What we do know is that if a talented artist could struggle to make a living in the great cultural meccas of Europe, then it was a fate easily met here, and such was proving to be the case for Thresher. And so, like many a person in Prince Edward Island, he eventually found himself working in government. Beginning in 1838, he served as Deputy Registrar of Deeds, moving on to slightly better things in 1851 as Deputy Colonial Secretary. I doubt he considered the work inspiring, but hey – a person’s gotta do what a person’s gotta do.
1851 was a memorable year, and not because of Thresher’s promotion. That October, the Island was dealt a severe drubbing courtesy of the two-day tempest known as the ‘Yankee Gale’, considered to be the most deadly natural disaster in the province’s recorded history. On Friday the 3rd, the American mackerel fleet was hard at it off the North Shore when it – and everyone – was surprised by the unexpected arrival of a vicious nor’easter. It blew, and it blew, and it blew, and didn’t let up for nearly 48 hours. By the time it died down, possibly as many as 100 ships had been wrecked, and over 200 lives lost (people who lived along the coast reported finding bodies washed up on shore for days after the fact).
You’ll recall how Thresher was a marine artist. Inspired by the tragedy of the event and the sheer power of the storm, he put brush to canvas and produced an oil painting, the earliest known depiction of the infamous Yankee Gale. Housed in the Confederation Centre Art Gallery’s collection, it depicts ships at the mercy of a storm-tossed sea. Rumour has it that he had the piece on display at the 1853 World’s Fair in New York City, held in present-day Bryant Park from July 1853 to November 1854, and that it was awarded a prize. I poked around a bit, but failed to turn up anything substantiating said claims (if you know anything one way or the other, feel free to leave me a comment!). That same year, 1853, Thresher’s government days came to an end when failing health forced him into retirement; it was not, however, the terminus of his artistic career, and what is perhaps his greatest legacy lay in store.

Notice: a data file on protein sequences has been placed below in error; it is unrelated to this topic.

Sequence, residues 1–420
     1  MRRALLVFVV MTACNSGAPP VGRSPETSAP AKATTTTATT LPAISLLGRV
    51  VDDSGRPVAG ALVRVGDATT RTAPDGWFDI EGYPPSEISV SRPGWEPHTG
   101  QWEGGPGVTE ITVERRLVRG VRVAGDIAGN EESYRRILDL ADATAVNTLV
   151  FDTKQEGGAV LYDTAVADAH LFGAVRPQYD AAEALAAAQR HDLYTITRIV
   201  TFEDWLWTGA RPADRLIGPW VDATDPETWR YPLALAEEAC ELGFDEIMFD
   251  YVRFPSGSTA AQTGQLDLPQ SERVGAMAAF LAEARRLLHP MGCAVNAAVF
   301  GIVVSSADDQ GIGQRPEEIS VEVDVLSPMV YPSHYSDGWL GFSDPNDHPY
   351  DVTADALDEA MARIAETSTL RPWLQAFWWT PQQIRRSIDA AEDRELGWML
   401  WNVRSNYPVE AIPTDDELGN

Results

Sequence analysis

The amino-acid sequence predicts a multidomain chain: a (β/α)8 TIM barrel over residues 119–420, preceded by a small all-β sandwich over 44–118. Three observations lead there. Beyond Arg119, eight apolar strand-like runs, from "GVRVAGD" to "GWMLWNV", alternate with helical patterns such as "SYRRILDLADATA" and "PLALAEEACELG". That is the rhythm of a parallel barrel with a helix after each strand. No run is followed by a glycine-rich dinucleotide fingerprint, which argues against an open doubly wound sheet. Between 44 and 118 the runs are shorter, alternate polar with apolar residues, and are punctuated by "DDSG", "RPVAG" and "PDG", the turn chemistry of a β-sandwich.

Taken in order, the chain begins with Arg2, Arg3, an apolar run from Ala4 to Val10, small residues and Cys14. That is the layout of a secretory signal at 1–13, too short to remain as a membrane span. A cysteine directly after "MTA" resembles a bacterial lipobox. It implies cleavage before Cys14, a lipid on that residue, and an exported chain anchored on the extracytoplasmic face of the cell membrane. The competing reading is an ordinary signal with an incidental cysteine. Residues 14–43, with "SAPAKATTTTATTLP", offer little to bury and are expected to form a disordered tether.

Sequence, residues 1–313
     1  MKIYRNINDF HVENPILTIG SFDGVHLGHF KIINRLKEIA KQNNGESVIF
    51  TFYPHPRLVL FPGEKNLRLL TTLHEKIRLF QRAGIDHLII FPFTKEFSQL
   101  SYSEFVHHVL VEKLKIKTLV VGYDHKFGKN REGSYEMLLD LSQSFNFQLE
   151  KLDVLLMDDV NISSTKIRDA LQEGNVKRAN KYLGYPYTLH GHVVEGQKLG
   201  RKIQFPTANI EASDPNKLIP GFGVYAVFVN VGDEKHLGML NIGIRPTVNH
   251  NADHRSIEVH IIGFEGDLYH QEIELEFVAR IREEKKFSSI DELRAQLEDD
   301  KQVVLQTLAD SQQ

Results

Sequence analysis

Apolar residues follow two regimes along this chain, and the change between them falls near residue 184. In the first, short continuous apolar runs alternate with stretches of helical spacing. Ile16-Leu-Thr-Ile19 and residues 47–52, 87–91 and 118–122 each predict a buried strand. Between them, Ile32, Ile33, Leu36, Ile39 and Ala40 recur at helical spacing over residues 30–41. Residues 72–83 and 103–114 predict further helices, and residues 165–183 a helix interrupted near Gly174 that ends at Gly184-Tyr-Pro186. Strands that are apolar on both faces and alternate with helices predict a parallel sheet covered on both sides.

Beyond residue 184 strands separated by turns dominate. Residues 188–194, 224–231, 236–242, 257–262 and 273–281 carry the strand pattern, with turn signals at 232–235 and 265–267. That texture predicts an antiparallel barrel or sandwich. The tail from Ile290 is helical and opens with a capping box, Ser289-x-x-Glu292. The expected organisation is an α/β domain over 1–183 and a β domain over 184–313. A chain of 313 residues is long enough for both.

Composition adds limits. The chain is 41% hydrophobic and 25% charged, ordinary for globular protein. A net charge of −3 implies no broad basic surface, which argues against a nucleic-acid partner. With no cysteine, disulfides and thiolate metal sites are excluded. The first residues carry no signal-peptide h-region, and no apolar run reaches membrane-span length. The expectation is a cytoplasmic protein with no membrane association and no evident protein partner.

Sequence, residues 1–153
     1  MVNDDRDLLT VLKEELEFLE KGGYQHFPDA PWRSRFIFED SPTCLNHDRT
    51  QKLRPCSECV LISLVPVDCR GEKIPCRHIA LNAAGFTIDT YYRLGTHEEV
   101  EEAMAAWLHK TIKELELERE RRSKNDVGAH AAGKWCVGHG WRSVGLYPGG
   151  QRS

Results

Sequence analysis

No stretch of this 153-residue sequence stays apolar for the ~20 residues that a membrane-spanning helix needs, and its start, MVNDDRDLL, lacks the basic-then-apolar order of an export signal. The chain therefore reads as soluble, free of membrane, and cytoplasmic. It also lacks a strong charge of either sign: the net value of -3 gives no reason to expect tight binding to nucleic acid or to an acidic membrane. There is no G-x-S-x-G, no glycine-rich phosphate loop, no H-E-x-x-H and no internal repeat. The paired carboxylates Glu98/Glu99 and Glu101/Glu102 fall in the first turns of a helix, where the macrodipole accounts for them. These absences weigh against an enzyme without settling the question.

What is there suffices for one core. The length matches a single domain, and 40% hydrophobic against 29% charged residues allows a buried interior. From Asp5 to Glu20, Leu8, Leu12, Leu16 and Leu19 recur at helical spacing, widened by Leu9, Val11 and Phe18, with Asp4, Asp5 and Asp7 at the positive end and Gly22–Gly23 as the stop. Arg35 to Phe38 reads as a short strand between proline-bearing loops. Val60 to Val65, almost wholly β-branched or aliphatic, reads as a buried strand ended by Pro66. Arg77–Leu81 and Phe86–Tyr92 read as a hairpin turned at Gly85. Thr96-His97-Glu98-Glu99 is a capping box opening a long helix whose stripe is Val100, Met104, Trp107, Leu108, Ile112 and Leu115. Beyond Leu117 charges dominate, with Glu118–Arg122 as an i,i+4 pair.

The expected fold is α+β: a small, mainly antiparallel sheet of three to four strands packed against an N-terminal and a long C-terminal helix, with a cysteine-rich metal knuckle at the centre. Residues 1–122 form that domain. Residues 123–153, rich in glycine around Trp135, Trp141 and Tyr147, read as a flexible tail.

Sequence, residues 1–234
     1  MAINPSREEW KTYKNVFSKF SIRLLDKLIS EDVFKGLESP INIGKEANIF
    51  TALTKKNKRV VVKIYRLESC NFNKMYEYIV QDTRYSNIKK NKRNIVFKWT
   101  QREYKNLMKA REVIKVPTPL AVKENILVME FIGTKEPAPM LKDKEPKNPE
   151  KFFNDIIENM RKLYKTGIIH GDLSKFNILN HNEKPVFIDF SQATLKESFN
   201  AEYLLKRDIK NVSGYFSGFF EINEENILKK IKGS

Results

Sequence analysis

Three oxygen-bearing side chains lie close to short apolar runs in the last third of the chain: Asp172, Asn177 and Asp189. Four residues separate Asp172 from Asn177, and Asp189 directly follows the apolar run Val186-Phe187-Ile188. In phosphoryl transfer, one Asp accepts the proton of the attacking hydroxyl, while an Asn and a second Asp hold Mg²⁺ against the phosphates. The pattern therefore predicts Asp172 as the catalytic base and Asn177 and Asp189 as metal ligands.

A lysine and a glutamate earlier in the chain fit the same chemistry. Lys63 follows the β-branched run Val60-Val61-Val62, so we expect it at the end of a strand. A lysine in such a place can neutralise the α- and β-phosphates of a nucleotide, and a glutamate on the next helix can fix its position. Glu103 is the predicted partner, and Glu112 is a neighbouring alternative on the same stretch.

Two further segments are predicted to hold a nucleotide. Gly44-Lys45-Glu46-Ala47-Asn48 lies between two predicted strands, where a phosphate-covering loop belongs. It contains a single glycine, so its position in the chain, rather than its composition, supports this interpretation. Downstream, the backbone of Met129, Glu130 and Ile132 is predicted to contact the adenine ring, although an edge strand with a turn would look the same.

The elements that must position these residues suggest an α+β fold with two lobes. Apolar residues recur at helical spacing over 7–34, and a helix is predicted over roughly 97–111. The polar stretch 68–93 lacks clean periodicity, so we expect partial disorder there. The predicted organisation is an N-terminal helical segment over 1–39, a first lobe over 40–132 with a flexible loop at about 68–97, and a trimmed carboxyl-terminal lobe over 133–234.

In April 1855, Charlottetown made it official and became an incorporated city. Although it had become something of an inevitability, there was still quite a bit to get in order. When it came time to settle the matter of creating the city’s official seal, Thresher was tapped to submit designs. He obliged. The end product? A triple-masted vessel flying a flag, and a plow and sheaf of grain on a small mound in the foreground, the whole of which is encircled by “City of Charlottetown Prince Edward Island” and “Incorporated A.D. 1855”. Thresher was paid the princely sum of 1 shilling for his work, and, 160 years on, we’re still using it.
Thresher passed away two years later in December 1857, aged 77. He was interred, along with one of his daughters, in the Old Protestant Burying Ground in Charlottetown, just north of Euston Street on present-day University Avenue. Sadly, any stone erected in his memory has since disappeared, and so the precise location of his final resting place has become a mystery. But he’s in there, somewhere.
Well, that’s all I’ve got for this week. See you next Friday!
PEI History Guy
P.S. – Except it isn’t. If you’d like to check out Thresher’s The Yankee Gale, you can find it here.
P.P.S. – That’s it.